In the 1833 publication “The Sports and Pastimes of the People of England,” writer Joseph Strutt described cross and pile as a “vulgar” game:

Cross and pile, or with us heads or tail, is a silly pastime well enough known among the lowest and most vulgar classes of the community, and to whom it is at present very properly confined; formerly, however, it held a higher rank, and was introduced at court. Edward II was partial to this and other such likewise frivolous diversions, and spent much of his time in the pursuit of them.

High Stakes

Gambling was popular among wealthy nobles and merchants. After all, they were the ones who had money to spare, and they certainly had a lot more time to spare than common peasants. Of course that didn’t stop peasants from getting together to play their own high-stakes games. And some of these games were really high stakes. Sometimes people would resort to risking the clothes off their backs just to keep playing. Keep in mind that clothes, like most other things at the time, were handmade and had much more value than in our throw-away consumer society.

In fact, a drinking song from the 12th century describes a priest wishing to be a gambler and winning someone’s clothes in a game.

The Abbot of Cockaigne I am, and this

my council’s all furnished with drinkers, it is,

to be one of the gamblers is my dearest wish,

and whoever at dawn seeks me in the tavern

come vespers, he’ll be stripped naked as Adam,

and thus relieved of his shirt he’ll cry:

‘Oh woe! Oh woe!

Lady Luck, oh what have you done!

The joys of my life are all gone,

you’ve stolen them all every one!’

Peasants who were already poor would sometimes end up with absolutely nothing left. This was before modern social nets, and so these games could become life-or-death situations. Also, good luck working your way out of debt from debtors’ prison.

During Europe’s Middle Ages, debtors, both men and women, were locked up together in a single, large cell until their families paid their debt. Debt prisoners often died of diseases contracted from other debt prisoners. Conditions included starvation and abuse from other prisoners. If the father of a family was imprisoned for debt, the family business often suffered while the mother and children fell into poverty. Unable to pay the debt, the father often remained in debtors’ prison for many years. Some debt prisoners were released to become serfs or indentured servants until they paid off their debt in labor.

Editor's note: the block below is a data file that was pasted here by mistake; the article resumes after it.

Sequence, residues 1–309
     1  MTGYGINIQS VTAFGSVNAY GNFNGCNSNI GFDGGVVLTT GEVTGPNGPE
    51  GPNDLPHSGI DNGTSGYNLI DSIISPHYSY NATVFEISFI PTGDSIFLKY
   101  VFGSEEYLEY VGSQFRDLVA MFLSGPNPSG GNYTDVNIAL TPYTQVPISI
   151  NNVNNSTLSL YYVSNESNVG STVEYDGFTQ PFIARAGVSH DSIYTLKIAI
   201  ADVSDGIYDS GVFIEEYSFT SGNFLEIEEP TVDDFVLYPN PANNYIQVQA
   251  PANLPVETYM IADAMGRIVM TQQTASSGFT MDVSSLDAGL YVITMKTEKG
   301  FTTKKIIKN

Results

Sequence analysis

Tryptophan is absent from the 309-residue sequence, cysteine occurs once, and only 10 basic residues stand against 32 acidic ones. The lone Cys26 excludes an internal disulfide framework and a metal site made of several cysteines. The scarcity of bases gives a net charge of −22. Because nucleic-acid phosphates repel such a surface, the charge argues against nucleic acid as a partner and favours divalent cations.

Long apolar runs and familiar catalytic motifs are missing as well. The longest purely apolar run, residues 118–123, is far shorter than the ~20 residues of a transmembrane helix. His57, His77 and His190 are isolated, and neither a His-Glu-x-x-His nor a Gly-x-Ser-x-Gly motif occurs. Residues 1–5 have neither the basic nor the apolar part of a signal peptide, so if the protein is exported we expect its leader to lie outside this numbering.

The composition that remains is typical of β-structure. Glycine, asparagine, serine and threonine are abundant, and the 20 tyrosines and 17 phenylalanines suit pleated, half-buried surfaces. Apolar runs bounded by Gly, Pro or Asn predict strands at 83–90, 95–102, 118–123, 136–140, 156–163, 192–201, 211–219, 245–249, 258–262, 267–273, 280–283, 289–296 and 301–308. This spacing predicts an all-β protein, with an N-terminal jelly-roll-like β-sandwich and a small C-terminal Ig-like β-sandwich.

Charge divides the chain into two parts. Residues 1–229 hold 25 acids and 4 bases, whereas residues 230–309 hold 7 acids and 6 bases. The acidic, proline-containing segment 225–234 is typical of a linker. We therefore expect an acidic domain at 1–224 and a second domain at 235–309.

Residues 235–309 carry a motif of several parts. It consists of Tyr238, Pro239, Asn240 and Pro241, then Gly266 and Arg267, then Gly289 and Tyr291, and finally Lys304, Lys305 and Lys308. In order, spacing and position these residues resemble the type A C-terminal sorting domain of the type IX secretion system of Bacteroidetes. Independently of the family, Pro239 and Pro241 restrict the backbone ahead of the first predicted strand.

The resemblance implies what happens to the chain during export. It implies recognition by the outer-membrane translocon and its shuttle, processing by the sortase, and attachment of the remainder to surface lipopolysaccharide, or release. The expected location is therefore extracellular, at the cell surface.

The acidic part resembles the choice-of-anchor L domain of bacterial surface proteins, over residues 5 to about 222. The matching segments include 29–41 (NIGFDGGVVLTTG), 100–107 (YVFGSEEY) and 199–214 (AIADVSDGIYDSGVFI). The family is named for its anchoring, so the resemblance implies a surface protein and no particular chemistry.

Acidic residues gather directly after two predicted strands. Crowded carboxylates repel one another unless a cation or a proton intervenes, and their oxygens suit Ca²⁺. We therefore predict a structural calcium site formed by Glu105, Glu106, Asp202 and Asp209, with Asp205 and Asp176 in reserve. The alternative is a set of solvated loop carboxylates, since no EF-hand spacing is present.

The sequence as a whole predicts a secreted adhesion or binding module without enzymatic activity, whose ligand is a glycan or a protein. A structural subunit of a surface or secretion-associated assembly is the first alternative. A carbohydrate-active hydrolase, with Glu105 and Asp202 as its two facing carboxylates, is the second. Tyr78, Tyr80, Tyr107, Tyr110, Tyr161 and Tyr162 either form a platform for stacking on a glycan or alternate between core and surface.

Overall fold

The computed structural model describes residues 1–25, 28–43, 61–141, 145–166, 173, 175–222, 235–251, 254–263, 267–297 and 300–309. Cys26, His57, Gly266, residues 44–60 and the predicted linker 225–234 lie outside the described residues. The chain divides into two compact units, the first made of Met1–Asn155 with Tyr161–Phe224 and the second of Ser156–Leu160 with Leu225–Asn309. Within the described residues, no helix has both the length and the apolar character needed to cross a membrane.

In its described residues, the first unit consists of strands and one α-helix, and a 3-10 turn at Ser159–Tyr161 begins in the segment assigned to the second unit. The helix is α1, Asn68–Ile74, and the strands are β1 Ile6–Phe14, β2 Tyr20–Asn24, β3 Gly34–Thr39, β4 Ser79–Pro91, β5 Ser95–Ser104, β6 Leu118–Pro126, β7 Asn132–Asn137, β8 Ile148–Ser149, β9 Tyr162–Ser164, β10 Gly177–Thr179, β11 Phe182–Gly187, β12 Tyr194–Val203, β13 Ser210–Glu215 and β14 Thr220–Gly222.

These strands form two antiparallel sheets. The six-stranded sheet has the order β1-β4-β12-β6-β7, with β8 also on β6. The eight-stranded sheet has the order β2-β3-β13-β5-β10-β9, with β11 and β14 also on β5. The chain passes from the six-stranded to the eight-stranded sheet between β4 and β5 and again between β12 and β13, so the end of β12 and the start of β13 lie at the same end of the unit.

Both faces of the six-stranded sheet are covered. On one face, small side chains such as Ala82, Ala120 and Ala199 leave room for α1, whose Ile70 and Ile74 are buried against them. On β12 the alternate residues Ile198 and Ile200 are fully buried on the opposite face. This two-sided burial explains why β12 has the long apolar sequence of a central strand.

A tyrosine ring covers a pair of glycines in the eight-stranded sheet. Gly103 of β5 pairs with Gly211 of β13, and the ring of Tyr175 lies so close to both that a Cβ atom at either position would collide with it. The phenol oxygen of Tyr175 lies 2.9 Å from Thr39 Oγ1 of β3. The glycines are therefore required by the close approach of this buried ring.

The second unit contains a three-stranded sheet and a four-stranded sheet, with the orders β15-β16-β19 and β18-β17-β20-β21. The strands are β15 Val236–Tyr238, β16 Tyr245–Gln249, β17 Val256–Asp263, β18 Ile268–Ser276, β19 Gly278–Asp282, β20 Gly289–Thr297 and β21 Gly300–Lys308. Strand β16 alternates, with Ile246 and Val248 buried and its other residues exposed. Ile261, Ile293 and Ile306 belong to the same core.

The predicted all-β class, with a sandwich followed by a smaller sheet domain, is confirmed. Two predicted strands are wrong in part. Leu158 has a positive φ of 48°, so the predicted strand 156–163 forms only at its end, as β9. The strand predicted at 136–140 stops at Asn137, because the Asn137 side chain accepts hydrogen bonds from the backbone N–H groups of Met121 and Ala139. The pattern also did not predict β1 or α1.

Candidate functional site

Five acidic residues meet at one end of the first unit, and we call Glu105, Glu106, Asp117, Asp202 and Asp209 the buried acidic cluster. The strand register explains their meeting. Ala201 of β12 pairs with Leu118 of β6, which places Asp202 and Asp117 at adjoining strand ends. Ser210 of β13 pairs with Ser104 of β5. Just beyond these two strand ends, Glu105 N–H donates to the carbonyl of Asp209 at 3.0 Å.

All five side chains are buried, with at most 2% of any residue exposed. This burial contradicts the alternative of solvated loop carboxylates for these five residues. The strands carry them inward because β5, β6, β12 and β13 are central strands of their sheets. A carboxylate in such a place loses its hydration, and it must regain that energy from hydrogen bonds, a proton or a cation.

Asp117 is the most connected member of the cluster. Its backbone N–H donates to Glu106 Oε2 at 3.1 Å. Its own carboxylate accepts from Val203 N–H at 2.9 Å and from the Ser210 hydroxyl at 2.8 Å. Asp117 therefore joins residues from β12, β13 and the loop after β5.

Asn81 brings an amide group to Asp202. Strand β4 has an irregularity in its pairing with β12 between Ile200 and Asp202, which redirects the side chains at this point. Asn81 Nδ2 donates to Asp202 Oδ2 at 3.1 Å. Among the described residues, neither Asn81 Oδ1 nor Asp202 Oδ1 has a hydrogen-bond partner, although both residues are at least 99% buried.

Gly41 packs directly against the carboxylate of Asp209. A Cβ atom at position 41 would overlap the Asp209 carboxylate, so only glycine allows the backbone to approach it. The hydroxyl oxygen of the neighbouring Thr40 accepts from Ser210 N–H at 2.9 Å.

Lower odds

People weren’t as educated about maths or odds, which meant that medieval people would unknowingly participate in games that were difficult or even almost impossible to win. In other words, people would get scammed a lot.

One such game was known as thimble rig, which was similar to modern cup-and-ball shell games. The rigger would place a peppercorn under one thimble and peas under two other thimbles and shuffle them around. One of the rigger’s friends would pretend to be a bystander and correctly guess which thimble had the peppercorn, and seeing him win would convince other bystanders to wager their own money. Of course, the bystanders rarely won, and that’s when the rigger wasn’t cheating. Which brings us to…


Where there’s games, there’s bound to be cheating as well. Some gangs roamed from town to town in search of new marks for their impossible-to-beat games, and others created rigged equipment to give them a leg up at the inn.

The Norwegian Institute for Cultural Heritage Research reported that a 15th century dice discovered in an old tavern quarter of Bergen had two fours and two fives, but no one or two.

– The dice were found close to a wooden street that dates back to the 1400s. So when looking at the context and the dice design, there is just as much chance that someone has got rid of it, as they have lost it, says Per Christian Underhaug who is the project manager for the excavations in Bergen,

– This part of Bergen was a densely populated district with several inns and pubs, and it is not unlikely that there were lots of games being played in them, says Underhaug.

Whether this particular dice was used for cheating is up in the air — it might have been used for non-standard distributions serving some other purpose — but cheating was rampant.